Government boosts support for critical mineral projects
Projects which boost Australia’s ability to extract and process critical minerals will be eligible for financial support through Export Finance Australia (EFA).
Changes will also be made to allow projects to access dual funding through the EFA as well as the Northern Australia Infrastructure Facility (NAIF).
The government will also commit $4.5 million to fund critical minerals research by key Commonwealth scientific agencies.
It comes as QRC chief executive Ian Macfarlane prepares to join Resources Minister Matt Canavan’s Australian critical minerals delegation to Washington next week to further develop the US-Australia trading partnership.
“Queensland will be at the forefront of the development of Australia’s critical minerals,” Mr Macfarlane said.
“This emerging part of the resources sector will play a strategic role for Australia in terms of defence industries, manufacturing, trade and regional development.
“Our rich resources state of Queensland has significant reserves of key critical minerals including battery-related minerals.
“We have 13 per cent of Australia’s economic demonstrated resources of copper, 3 per cent of nickel, 6 per cent of zinc, 18 per cent of graphite, along with 70 per cent of molybdenum and significant identified deposits of cobalt, rhenium, scandium, tantalum, niobium, lithium, rare earths and vanadium.”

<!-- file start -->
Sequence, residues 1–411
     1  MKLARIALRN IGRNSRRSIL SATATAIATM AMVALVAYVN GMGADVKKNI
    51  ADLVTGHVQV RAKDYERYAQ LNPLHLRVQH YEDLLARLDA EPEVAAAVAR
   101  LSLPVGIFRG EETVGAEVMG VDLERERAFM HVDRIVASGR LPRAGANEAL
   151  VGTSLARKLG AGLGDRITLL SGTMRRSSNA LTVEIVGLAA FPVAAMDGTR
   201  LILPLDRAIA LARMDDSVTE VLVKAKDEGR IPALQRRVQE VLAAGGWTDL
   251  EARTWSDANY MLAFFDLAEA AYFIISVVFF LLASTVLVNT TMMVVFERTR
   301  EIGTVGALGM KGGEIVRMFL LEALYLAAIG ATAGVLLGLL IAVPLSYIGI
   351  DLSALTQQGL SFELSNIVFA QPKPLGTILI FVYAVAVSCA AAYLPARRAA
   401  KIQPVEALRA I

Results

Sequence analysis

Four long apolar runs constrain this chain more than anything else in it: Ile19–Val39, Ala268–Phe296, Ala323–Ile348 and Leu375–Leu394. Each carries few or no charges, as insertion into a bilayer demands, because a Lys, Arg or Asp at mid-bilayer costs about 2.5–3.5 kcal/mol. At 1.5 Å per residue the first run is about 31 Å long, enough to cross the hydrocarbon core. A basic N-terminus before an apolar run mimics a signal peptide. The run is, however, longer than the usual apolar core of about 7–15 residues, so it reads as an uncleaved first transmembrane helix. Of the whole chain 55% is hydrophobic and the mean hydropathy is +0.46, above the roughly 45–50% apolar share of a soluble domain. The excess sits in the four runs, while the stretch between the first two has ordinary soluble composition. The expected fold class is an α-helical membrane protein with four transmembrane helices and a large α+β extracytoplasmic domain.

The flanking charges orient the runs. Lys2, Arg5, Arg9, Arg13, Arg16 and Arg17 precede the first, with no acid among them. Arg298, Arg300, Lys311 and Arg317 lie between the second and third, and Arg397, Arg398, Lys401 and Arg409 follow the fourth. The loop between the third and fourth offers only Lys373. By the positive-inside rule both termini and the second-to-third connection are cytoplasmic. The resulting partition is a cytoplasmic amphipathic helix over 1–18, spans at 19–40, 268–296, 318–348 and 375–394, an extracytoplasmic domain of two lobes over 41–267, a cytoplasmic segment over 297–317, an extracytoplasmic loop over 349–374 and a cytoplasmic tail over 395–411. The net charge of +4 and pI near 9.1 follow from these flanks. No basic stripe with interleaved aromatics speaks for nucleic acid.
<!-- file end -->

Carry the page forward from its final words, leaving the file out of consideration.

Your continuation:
Senator Canavan said the government was determined to develop rare earth and critical mineral assets for the benefit of Australia and its technology-driven industries.
“By allowing proponents to secure financing through both EFA and the NAIF, we are enhancing opportunities for our critical mineral sector. This opens up new opportunities in trade and manufacturing, creating jobs of the future for thousands of Australians,” he said.
“To further facilitate the sector’s growth, a specialised new Critical Minerals Facilitation Office will be opened on January 1 2020 to help proponents secure investment, financing and market access for critical mineral projects. The office will also support international cooperation to help diversify critical minerals supply chains.
“With the increasing global uptake of electric vehicles, smart phones and renewable energy, Australia is well placed to become an international powerhouse to supply critical minerals, and the Government is committed to developing world-leading projects which could help supply global markets.”
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